CS1204, The Dartless Block

… (continued from yesterday)  the knit block was not my sole reason for purchasing CS1204. I was also anxious to get my hands on the Dartless Blouse which I presume are the pattern pieces labeled Dartless Block  I love a camp shirt. My favorite Loes Hinse Blouse (for wovens) is a dartless bodice. Many of Louise Cuttings tops are dartless.  I want a dartless block, especially now that I’ve realized I don’t need an FBA but a greater shoulder slope.

I pull out the document protector containing the dartless bodice pieces; separate the large from the X-large; and smooth the pieces with my hands.  I retrieve my 1201 block and quickly compare. Yea! These look similar. I’m expecting the dartless to be slightly different.  It’s my understanding that they move the darts to the side seam and then eliminate them to make dartless fashion. (Sometimes the dart is trimmed other times it’s just not sewn.)  My blocks should look similar but be smaller in a few places, most notably the waist. It is! I quickly trace the size large. Because I’m short and the front and back pieces have obvious shaping at the side seams, I make my 1″ BWL.  I add 1/4″ to the side seams of the back and then trim the shoulder seams to match the slope of my darted block, CS1201.  Once again, Connie has provided a quarter sleeve but I’m wanting a full sleeve. I place the pattern on my cutting table, align my EAC sleeve on top and then frost the cake with a layer of tissue.  I trace sleeve cap of CS1204; length  and hem from EAC. But it doesn’t sit well with me.  The sleeve isn’t wide enough.  I added about 1/2″ to the EAC to create a comfortable, long sleeve.  Do I really want to go narrower? Also, is the sleeve cap height and width right for me or will have I the same issues as on the 1201 sleeve?  I cut vertically from shoulder point to hem; slip in a bit of tissue and add 2″ overall width. It’s still narrower than the EAC sleeve. If I’ve added too much ease , it will be easy to remove.  Not enough and I’ll be recutting the sleeve.   Then I have another panic attack. What if by removing the dart ease, I don’t have enough tummy room?  I add 7/8″ to the side seams to give me a full 1″ fitting room.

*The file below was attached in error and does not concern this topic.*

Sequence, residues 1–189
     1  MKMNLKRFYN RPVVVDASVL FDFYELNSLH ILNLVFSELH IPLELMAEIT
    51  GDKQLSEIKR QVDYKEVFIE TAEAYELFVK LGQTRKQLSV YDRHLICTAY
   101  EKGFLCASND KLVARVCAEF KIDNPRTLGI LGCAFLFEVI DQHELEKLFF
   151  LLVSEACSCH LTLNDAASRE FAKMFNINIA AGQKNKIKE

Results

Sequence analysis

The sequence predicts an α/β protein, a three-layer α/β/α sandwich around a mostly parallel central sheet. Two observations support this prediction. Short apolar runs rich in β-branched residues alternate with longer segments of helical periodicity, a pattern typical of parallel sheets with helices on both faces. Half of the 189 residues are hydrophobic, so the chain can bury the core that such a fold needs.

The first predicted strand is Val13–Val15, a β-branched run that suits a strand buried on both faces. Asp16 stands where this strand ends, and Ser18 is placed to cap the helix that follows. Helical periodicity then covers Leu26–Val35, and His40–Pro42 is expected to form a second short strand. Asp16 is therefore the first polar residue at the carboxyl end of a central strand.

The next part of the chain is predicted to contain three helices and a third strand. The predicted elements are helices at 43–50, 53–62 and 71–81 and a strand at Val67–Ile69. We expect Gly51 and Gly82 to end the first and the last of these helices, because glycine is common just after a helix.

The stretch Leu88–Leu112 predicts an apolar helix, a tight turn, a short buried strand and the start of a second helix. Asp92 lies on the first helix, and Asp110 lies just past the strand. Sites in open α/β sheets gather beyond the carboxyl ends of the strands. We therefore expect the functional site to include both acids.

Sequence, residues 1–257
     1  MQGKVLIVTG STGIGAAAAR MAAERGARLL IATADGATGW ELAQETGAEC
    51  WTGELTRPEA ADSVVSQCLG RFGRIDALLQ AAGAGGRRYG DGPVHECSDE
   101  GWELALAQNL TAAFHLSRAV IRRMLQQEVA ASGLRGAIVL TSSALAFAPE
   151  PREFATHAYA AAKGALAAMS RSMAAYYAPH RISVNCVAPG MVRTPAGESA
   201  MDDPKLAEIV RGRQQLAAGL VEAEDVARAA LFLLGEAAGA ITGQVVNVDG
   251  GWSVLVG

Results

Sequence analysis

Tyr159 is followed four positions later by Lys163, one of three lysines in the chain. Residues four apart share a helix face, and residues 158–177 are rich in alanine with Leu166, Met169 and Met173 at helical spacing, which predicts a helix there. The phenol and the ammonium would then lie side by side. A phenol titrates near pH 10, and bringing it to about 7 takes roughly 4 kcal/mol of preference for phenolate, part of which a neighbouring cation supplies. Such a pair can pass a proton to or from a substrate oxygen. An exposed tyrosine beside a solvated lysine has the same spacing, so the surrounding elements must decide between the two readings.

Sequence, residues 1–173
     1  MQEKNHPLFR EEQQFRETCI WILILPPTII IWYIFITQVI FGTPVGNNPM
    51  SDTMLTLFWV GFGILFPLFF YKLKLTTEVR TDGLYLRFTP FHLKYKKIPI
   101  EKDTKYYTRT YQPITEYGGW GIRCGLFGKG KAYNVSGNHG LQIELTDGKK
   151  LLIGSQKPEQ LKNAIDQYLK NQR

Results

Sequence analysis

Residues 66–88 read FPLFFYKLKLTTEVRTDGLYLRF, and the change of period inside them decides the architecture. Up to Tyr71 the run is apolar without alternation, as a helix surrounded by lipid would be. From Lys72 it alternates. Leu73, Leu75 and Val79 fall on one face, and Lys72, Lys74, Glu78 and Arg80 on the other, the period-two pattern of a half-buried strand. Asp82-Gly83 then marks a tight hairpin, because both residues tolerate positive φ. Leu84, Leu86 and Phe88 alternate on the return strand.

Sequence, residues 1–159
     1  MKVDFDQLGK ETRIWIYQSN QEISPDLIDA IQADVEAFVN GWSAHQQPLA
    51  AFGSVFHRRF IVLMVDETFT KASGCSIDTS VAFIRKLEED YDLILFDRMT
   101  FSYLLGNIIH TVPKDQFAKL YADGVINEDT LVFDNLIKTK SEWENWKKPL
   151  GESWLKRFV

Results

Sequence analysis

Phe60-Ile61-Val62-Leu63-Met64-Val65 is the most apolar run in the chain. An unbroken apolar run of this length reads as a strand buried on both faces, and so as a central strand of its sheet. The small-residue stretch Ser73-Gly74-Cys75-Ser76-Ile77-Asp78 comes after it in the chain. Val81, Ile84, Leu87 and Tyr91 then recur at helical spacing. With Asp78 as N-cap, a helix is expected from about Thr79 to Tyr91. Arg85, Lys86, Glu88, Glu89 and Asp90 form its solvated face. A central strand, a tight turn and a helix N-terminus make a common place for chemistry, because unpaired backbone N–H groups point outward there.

I choose a shirting fabric.  I believe it was advertised as 100% cotton.  It feels like Pima but acts like it has a bit of polyester. I like polyester.  Combined with cotton it makes wonderful shirts that look good all day long and are comfortable to wear. This is an IKAT print. Not real IKAT, but a print that has been designed to look like IKAT and using bright, soul-warming colors.  It has a definite repeat in horizontal stripes.  I start humming the preschool song “I’m a little teapot short and stout…..”.  I place my pattern pieces cross-grain.  I can’t avoid the stripes, but I can use them to my advantage.  I struggle with placement. One repeat has big dots that I don’t want falling on any of my prominences. The other dramatic repeat creates a very slimming, almost color blocked inversion. I like that, but placing the inversion at it’s most flattering level, my waist, would eliminate using the border either across shoulders or waist. Suddenly I realize I very much want to use that border as the edge of a tunic. I pull everything off the cutting table and lengthen the front and back pieces 3″.   I purchased 3 yards and boy am I glad.  Aligning on the pattern wasted a lot of fabric. But I like the end result.  I stitched side seams shoulder seams and basted side seam before trying it on:

It’s sitting catywampus on my body. That combined with the pattern makes judging drag lines and fit difficult.  I decide to add the sleeves and that I want this to be a roomy top.  I use the same gathering technique  as yesterday for setting in the sleeve. Except that I serge instead of stitch as the SM. The sleeve is not quite a smoothly set in as before, but it’s good and besides you can’t tell if it’s pucker or pattern.  I’m not sure if this is final or not:

I finished the neckline by making a 3″ slit in front. I let out the side seams to take advantage of the fit-insurance but not for fit; for the roomy look I wanted. Thought I wanted. Seeing it now, I’m not sure if the sleeves are just too long (which they are) and making it look like a big sack all over or if I have made my blouse into a big sack. As I envisioned, it is comfy and cool. The fabric feels as smooth on my body as it did to my hand.  I look at the front and side wondering if I’m seeing those dreaded drag lines (and should have increased the shoulder slope) or if the ease is so great it just has to ripple and fold from some place, my bust being the most promontory.

I am pleased with the dartless block. Even if those are drag lines.  I know an easy fix. I prepared the block (tracing and initial alterations) in about 30 minutes. My garment was conceived, sewn and fitted over two days (typical for me) with little fuss. It wasn’t tweak after tweak after tweak (I racked up 8 tweaks with 1201). While my faith in Connie isn’t completely restored, I am feeling a little more confident.